Chester A. Arthur & The Civil War

Instructor: Christopher Muscato

Chris has a master's degree in history and teaches at the University of Northern Colorado.

The Civil War impacted nearly every American, and future presidents were no exception. In this lesson, we'll look at Chester Arthur's experiences in the Civil War and see how they influenced his political career.

Chester A. Arthur

The Civil War impacted the lives of nearly every American citizen. This may sound like a somewhat obvious statement, but the war's impact on people in the late nineteenth century is not often discussed. People in the 1870s, 1880s, and 1890s hadn't forgotten their Civil War experiences, not even the presidents of the United States.

In 1881, Chester A. Arthur was sworn in as the 21st President of the United States, following the assassination of President James Garfield. By the 1880s, Arthur was well entrenched in federal politics, but that wasn't always the case. As a younger man in the 1860s, Arthur felt the impacts of the Civil War; it was the catalyst that would launch his political career.

President Chester A. Arthur
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Chester Arthur in 1861

In 1861, several seceding Southern states formally organized themselves into the Confederate States of America. War seemed inevitable (and would soon arrive). So, where was Chester Arthur? Still in his early 30s, ''Chet'' had spent the last decade fighting for some of the earliest civil rights cases in American history as a lawyer in New York. In fact, he helped get New York streetcars desegregated all the way back in the 1850s.

In 1860, the governor of New York appointed Chester Arthur the engineer-in-chief of the state, a military position. So, he was already in a military leadership role when the Civil War formally broke out in 1861. One of Arthur's first jobs was to oversee the rebuilding of the New York Harbor, making it more defensible and better equipped. The fortifications hadn't been updated since the 1840s (when a captain named Robert E. Lee was in charge of them), so this was a big job.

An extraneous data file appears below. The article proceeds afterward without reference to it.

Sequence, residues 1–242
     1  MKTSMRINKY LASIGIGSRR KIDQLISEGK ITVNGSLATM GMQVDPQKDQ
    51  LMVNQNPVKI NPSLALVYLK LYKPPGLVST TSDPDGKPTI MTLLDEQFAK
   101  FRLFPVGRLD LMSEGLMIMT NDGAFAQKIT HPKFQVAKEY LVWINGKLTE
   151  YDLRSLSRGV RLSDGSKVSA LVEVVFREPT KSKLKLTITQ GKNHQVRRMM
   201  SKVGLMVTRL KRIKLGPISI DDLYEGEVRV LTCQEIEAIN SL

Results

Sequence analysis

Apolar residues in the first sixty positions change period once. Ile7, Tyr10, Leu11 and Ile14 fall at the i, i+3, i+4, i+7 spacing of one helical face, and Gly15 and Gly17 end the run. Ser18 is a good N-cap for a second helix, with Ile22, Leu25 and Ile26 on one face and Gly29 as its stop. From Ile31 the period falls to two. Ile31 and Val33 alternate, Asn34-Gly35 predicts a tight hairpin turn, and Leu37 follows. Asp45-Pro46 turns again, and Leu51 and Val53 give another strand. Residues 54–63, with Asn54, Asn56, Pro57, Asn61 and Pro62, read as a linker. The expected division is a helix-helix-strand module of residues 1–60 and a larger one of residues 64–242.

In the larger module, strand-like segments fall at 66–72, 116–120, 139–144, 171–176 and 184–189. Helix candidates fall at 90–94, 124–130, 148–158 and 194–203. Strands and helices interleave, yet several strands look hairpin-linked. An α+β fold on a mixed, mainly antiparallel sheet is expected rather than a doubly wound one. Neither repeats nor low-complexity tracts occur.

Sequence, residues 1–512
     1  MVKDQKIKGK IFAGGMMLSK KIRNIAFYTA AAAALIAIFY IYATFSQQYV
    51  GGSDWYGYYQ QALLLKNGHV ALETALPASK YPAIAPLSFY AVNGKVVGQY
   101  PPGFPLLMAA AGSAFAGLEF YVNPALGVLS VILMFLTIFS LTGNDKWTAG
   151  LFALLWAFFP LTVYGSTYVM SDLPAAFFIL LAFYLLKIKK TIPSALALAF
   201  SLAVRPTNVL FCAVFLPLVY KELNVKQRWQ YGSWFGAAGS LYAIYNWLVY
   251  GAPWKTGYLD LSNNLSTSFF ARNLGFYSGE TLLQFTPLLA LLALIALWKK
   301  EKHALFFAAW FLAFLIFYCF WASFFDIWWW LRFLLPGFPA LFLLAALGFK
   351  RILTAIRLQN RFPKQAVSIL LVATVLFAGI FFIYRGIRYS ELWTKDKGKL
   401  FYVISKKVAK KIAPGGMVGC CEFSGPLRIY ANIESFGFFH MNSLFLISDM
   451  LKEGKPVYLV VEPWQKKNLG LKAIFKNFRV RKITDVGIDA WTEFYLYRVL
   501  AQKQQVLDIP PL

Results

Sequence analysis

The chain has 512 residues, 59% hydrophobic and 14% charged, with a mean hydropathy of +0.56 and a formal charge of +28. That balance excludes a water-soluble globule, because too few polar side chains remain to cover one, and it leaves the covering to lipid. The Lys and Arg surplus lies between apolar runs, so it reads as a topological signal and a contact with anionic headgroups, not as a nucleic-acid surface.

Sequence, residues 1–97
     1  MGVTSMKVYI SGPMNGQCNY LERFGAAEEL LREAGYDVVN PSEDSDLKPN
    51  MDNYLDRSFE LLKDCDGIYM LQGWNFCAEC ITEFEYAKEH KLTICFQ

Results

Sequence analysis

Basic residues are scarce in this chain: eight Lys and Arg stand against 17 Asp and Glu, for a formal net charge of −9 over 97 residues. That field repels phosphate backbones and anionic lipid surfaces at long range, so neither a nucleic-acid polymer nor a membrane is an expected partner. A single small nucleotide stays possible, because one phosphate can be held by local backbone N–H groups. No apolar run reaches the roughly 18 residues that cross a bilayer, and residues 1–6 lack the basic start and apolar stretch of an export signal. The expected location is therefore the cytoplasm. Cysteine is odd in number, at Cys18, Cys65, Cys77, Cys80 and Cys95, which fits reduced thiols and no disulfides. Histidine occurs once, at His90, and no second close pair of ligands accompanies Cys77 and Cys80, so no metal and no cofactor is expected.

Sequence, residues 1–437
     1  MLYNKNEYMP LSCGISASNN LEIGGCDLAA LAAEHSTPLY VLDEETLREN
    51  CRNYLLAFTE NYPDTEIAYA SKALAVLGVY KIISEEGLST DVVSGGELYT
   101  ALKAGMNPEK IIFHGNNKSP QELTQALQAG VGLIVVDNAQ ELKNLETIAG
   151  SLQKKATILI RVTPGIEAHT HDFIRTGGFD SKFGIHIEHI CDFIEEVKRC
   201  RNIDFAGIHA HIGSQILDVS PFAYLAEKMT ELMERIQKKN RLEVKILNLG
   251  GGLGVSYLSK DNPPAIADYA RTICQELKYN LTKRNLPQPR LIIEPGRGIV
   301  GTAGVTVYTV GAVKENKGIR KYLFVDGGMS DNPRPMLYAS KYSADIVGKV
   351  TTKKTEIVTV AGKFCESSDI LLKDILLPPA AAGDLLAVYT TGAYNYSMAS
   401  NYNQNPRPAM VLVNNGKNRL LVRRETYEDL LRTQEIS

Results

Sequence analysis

Chester Arthur in 1859
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Quartermaster Arthur

Arthur took the post enthusiastically, but he didn't know much about engineering. What he was good at was organizing and planning and working with intricate details. The governor thought Arthur's talents could be put to better use, and named him assistant quartermaster general of New York, granting him the rank of brigadier general. The promotion put Arthur in charge of all the resources needed to keep New York's troops functioning. This meant financing, assembling, organizing, and distributing the food, clothing, shelter, and equipment for over 200,000 soldiers stationed in the state. That's a big job.

Chester Arthur, however, was in his element. Working tirelessly, he constructed a massive tent city in Manhattan used to organize and supply recruits to the Union Army. In 1862, he was appointed inspector general, which briefly took him to the battlefield. He never saw combat in any form, however, and was quickly summoned back to the city. Nobody could handle the massive job he had left behind as well as he did, and Arthur was promoted again to quartermaster general of New York, giving him full authority over military provisioning. For the rest of the year, Arthur worked without rest, gaining the admiration of many.

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